'Grave concerns' as just half of teenage girls get cancer vaccine
Doctors have expressed "grave concern" at figures showing only half of teenage girls are getting the vaccine to prevent cervical cancer.
At the beginning of the school year, only 50pc of girls had started the recommended vaccine dose - far short of the 80pc target.
The warning was issued by senior medics in the Royal College of Physicians.
They urged parents to vaccinate their daughters against "the very real risk that they will develop cervical cancer in later life".
The reduction in take-up, which saw a 15pc drop in vaccinations last year, has been linked to unfounded fears about the safety of the vaccine.
Prof Mary Horgan, a consultant in infectious diseases said: "The clinical evidence about the safety and effectiveness of this vaccine was so strong when it was initially developed that I didn't wait for it to become part of the national immunisation programme and went ahead and had my 13-year-old daughter vaccinated.
"That is how strongly I feel about it. Parents should feel fully assured that the vaccine is very safe and effective."
The European medicines watchdog investigated claims of the potential link between the vaccine and symptoms such as pains in the limbs and an abnormal rise in heart rate. It gave the vaccine the all-clear.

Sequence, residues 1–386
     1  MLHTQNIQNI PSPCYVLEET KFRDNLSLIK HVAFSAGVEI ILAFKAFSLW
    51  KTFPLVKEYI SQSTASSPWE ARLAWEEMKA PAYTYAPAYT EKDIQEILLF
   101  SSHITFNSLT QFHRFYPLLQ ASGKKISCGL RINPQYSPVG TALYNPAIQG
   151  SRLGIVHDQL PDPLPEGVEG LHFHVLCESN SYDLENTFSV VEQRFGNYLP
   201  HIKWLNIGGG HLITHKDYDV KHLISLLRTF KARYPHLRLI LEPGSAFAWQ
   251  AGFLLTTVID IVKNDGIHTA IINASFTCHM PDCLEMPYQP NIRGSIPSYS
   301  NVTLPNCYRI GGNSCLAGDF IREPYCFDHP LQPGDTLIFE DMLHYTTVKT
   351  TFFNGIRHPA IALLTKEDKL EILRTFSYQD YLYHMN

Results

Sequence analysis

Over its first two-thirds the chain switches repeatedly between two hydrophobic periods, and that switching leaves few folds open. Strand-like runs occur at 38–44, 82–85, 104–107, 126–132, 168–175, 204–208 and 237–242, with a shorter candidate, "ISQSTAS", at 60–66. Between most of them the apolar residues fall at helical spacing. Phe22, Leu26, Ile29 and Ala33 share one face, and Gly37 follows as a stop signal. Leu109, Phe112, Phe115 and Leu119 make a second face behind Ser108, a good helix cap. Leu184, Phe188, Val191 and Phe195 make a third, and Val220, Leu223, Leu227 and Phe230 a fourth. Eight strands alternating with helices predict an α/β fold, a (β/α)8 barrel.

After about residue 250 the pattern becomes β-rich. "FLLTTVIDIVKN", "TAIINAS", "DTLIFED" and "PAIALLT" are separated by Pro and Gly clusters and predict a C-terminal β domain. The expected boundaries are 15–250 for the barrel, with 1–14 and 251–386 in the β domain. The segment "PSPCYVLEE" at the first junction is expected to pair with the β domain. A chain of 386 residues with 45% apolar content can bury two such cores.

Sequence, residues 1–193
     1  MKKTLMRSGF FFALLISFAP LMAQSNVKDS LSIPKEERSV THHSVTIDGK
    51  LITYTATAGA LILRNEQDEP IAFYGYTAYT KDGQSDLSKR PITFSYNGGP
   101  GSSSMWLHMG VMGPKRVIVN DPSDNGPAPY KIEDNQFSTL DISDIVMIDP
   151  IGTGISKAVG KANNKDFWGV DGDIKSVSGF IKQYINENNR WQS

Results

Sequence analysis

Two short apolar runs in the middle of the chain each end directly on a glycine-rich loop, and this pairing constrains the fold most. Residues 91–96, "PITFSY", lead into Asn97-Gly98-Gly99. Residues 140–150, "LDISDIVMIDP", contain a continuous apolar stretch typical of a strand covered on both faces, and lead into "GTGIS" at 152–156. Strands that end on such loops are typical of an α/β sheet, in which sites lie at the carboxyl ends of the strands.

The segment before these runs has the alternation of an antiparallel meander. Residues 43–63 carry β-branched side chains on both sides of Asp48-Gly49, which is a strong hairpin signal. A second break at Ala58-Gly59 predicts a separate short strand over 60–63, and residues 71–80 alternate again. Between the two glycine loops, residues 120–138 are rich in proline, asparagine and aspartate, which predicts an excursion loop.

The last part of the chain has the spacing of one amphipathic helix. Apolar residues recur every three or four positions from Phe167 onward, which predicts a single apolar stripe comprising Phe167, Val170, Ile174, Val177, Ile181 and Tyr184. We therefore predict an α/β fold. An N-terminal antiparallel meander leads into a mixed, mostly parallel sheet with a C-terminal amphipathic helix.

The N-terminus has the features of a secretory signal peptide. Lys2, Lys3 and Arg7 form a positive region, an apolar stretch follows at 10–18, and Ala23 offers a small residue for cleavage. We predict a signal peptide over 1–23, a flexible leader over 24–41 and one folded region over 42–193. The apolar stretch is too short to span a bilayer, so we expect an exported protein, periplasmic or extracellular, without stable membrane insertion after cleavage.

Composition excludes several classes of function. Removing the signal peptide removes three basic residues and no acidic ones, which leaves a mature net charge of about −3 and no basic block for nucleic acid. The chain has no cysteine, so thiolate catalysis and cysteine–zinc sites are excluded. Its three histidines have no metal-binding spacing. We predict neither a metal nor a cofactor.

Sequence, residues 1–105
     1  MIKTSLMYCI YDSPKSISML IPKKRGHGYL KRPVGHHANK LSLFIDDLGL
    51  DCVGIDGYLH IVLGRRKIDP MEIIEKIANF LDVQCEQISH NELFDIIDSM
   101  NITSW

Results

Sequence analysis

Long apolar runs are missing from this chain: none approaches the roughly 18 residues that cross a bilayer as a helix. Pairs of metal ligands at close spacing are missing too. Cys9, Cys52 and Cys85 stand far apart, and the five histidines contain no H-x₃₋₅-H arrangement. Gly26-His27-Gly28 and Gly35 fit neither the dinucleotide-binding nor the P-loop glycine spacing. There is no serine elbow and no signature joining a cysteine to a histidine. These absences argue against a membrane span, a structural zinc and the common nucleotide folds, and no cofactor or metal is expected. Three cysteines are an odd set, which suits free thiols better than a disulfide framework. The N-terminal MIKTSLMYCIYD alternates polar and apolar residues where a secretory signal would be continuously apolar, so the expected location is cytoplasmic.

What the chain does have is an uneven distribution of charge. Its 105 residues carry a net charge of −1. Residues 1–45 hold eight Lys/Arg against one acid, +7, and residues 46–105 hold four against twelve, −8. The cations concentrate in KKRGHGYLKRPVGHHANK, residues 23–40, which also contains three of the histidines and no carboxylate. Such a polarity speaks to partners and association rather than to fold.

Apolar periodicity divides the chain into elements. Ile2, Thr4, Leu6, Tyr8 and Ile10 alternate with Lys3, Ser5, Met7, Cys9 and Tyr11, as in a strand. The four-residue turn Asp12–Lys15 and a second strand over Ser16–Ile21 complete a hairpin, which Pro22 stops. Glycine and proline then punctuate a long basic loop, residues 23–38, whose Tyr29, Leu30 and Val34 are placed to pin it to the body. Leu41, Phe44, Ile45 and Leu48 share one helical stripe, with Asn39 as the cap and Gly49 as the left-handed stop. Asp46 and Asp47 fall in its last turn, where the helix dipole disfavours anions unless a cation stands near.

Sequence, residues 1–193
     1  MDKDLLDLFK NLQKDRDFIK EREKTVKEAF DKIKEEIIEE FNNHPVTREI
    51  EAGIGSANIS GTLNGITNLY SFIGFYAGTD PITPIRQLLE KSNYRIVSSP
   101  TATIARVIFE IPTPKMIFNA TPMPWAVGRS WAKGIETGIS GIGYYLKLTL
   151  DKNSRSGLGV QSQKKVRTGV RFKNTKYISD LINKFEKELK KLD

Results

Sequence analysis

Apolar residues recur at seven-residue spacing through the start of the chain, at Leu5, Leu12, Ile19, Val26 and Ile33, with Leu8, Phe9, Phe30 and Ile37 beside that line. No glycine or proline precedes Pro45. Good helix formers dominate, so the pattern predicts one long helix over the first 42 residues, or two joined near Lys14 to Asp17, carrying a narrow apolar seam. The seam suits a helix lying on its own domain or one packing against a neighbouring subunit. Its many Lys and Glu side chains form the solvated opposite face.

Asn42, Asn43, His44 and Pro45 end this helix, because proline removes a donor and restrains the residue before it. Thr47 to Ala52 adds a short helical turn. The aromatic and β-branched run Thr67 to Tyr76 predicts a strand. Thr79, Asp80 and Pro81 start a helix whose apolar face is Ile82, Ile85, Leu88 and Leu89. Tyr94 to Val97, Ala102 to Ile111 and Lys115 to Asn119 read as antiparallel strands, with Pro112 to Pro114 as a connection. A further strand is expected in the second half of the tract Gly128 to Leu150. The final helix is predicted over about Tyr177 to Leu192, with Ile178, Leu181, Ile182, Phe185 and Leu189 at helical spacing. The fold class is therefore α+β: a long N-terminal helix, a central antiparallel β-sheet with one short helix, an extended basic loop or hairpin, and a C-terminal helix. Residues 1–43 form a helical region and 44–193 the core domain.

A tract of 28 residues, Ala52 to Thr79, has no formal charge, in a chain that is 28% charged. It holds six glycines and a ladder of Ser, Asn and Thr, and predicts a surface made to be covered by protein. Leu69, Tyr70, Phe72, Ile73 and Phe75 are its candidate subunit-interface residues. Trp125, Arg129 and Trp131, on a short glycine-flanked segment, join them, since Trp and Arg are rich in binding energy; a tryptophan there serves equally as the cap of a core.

The college's president, Prof Frank Murray, said: "We as healthcare providers must collectively inform parents about the benefits of this vaccine and recommend that they consent to having their daughters vaccinated to protect them from becoming cancer patients in future years."
Prof Karina Butler, chair of the national immunisation advisory committee, pointed out it was important for parents to know that the earlier the vaccination was given, the better.
"As the vaccine is more effective the earlier it is given, we encourage all parents to have their daughters complete the recommended schedule of HPV vaccines: a two-dose HPV vaccine series before age 15, or three doses in those older.
"It is so tragic to see a young woman, often at the age when their family is still young, battling for her life against what is now a vaccine-preventable cancer."
The HPV vaccine protects against two types of viruses, HPV 16 and 18, the cause of 70pc of cervical cancers.
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